Power Grid Buffer?
Angewandte Chemie celebrates the 50th anniversary of its International Edition with symposia in Tokyo and Beijing on June 20 and 22. Several Nobel laureates participate in the events, which will be transmitted over the internet. Learn more and join the excitement at angewandte.org/symposium.
Conversion to renewable energy sources like wind and sun is only a question of time. Because wind and solar radiation vary in strength, the increase in renewable energy sources will cause significant fluctuations in the power grid. These must be absorbed by energy storage systems. This need could be fulfilled by a device known as a supercapacitor. John Q. Xiao and his team at the University of Delaware (Newark, USA) have now developed a new process for the production of electrodes made of nickel oxide/nickel nanocomposites for electrochemical supercapacitors. As the researchers report in the journal Angewandte Chemie, their process is simple and cost-effective, and could be scaled up for industry.
Supercapacitors combine the advantages of conventional capacitors and batteries: Like a capacitor, they can rapidly deliver high current densities on demand; like a battery, they can store a large amount of electrical energy. Supercapacitors consist of electrochemical double-layers on electrodes when they are wetted with an electrolyte. When a voltage is applied, ions of opposite polarity collect at both electrodes, forming whisper-thin zones of immobile charge carriers.
The problem is that most processes for the production of the required nanostructured electrodes are either too sensitive to work at an industrial scale or require the addition of substances that later interfere with the electrodes’ function. Sometimes the electrical resistance of the materials is too high. Xiao’s team has now developed a new process for the production of electrodes from a nickel oxide/nickel nanocomposite that can overcome these obstacles.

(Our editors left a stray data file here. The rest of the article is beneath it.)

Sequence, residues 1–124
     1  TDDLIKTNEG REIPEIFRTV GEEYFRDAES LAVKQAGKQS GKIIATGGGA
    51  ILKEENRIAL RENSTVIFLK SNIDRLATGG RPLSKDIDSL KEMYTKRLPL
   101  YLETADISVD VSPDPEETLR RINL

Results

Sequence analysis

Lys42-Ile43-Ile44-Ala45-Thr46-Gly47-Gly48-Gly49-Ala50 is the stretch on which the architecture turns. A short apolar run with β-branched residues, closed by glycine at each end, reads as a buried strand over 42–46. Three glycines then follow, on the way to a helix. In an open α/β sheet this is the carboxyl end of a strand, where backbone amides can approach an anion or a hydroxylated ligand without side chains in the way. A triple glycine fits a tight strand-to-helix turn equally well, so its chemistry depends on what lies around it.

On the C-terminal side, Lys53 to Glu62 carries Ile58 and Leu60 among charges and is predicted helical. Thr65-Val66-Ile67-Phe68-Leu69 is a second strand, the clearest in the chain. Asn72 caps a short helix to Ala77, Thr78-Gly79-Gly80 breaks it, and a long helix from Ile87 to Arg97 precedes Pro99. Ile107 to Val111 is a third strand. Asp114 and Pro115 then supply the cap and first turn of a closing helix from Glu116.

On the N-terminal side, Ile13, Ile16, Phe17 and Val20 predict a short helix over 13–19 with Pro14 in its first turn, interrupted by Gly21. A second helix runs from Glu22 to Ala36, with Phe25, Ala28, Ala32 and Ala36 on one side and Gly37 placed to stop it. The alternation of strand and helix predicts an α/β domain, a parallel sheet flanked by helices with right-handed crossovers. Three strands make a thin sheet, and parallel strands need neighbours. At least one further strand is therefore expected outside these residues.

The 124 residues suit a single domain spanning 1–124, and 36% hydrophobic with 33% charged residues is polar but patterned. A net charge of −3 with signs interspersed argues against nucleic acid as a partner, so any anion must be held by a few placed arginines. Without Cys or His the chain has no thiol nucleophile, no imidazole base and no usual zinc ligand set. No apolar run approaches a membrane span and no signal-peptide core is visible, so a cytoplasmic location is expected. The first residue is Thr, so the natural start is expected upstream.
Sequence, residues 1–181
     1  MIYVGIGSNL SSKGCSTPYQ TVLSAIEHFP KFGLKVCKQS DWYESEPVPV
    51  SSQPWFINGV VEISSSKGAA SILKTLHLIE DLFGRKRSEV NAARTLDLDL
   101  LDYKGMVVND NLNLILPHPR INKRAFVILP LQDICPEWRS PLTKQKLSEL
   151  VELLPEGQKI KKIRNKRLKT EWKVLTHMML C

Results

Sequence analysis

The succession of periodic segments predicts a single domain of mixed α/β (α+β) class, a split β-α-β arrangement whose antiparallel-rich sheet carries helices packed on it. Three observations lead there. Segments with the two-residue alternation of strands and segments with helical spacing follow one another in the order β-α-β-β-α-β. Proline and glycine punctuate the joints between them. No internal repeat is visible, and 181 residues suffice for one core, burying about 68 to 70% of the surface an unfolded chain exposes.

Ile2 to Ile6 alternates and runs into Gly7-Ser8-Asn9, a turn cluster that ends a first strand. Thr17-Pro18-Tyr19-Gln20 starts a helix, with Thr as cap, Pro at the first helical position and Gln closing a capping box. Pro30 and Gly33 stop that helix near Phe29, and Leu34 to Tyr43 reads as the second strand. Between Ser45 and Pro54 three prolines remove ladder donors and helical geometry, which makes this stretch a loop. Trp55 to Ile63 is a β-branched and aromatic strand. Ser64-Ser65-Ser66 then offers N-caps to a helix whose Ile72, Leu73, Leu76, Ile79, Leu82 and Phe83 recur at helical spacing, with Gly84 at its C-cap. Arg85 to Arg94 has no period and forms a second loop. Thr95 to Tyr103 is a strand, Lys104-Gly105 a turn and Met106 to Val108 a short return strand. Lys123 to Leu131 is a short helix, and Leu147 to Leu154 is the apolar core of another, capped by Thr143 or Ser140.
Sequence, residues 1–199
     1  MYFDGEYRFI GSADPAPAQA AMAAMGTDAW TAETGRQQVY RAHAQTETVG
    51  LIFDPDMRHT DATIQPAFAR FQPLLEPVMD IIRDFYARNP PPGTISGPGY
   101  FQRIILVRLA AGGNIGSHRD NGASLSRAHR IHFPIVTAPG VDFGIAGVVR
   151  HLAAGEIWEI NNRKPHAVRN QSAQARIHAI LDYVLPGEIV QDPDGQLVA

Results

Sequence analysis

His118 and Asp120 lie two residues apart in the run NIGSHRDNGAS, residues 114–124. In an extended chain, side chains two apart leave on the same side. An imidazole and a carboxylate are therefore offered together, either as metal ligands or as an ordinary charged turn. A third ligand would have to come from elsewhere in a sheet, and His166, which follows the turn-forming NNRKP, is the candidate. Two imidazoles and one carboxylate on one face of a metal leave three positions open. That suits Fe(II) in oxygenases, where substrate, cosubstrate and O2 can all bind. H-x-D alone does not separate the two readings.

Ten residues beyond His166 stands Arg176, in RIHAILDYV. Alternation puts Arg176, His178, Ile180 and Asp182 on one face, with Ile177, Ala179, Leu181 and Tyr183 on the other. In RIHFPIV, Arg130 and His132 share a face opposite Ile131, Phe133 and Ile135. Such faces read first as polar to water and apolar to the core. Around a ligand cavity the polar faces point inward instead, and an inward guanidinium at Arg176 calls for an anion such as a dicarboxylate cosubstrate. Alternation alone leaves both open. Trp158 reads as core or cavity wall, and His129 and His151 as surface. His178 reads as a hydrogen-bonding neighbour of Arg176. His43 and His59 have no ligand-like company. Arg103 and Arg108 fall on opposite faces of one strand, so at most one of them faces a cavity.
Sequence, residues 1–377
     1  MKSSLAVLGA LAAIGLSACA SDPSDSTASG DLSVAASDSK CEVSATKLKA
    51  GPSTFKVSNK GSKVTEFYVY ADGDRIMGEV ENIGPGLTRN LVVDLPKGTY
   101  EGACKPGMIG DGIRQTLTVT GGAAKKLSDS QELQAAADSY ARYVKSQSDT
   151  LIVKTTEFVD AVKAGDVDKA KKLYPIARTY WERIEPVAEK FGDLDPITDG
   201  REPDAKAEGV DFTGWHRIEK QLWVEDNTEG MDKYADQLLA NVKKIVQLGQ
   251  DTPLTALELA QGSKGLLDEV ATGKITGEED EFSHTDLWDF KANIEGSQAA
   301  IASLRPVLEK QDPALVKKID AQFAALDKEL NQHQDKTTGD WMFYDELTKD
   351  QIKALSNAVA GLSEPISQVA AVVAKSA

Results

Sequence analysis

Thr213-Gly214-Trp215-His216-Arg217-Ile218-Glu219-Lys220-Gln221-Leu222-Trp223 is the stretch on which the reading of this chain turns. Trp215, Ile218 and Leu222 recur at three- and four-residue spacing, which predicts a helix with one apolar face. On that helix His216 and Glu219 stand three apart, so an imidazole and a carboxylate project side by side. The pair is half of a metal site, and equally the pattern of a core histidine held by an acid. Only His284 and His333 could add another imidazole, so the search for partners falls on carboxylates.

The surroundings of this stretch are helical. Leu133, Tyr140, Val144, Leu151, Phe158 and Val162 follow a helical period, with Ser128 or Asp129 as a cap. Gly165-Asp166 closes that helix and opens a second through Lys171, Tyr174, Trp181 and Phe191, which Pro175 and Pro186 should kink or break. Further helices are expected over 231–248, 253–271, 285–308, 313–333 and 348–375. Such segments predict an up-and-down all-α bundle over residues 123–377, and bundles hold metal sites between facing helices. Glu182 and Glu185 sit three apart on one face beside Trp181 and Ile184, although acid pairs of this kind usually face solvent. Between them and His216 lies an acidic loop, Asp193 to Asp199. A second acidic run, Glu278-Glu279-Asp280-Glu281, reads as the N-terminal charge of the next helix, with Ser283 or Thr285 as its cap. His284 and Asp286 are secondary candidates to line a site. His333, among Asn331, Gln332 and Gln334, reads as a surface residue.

The scientists first produce nickel nanoparticles. High-boiling polyalcohols, known as polyols, serve as the reaction medium. These cover the growth surfaces of the seed crystals, forming small spherical particles. The nanoparticles are then pressed together into pellets and deposited onto one side of a very thin platinum sheet, which later acts as the current collector. Annealing at 250 °C forms a layer of nickel oxide (NiO) around the pellet, which is the actual active layer of the supercapacitor. This results in compact, stable, highly porous Ni/NiO electrodes that do not require a support. Potassium hydroxide serves as the electrolyte.
During the charging process, OH– ions are bound to the NiO, giving off electrons. The process is reversed when the stored electrical energy is drawn off as current. Its high granularity gives the material a large inner surface area, providing good diffusion pathways for the ions. At the same time, the conductive network of the metal particles is maintained, which is important for high electrical conductivity. These characteristics are the reason for the surprisingly high capacity of the electrodes as well as their high power density and current density during the charge/discharge cycles.
Author: John Q. Xiao, University of Delaware, Newark (USA), http://www.physics.udel.edu/~jqx/
Title: Supercapacitor Electrodes with High-Energy and Power Densities Prepared from Monolithic NiO/Ni Nanocomposites
Angewandte Chemie International Edition, Permalink to the article: http://dx.doi.org/10.1002/anie.201101083
Alle Nachrichten aus der Kategorie: Life Sciences
Articles and reports from the Life Sciences area deal with applied and basic research into modern biology, chemistry and human medicine.
Valuable information can be found on a range of life sciences fields including bacteriology, biochemistry, bionics, bioinformatics, biophysics, biotechnology, genetics, geobotany, human biology, marine biology, microbiology, molecular biology, cellular biology, zoology, bioinorganic chemistry, microchemistry and environmental chemistry.
Do the twist: Making two-dimensional quantum materials using curved surfaces
Scientists at the University of Wisconsin-Madison have discovered a way to control the growth of twisting, microscopic spirals of materials just one atom thick. The continuously twisting stacks of two-dimensional…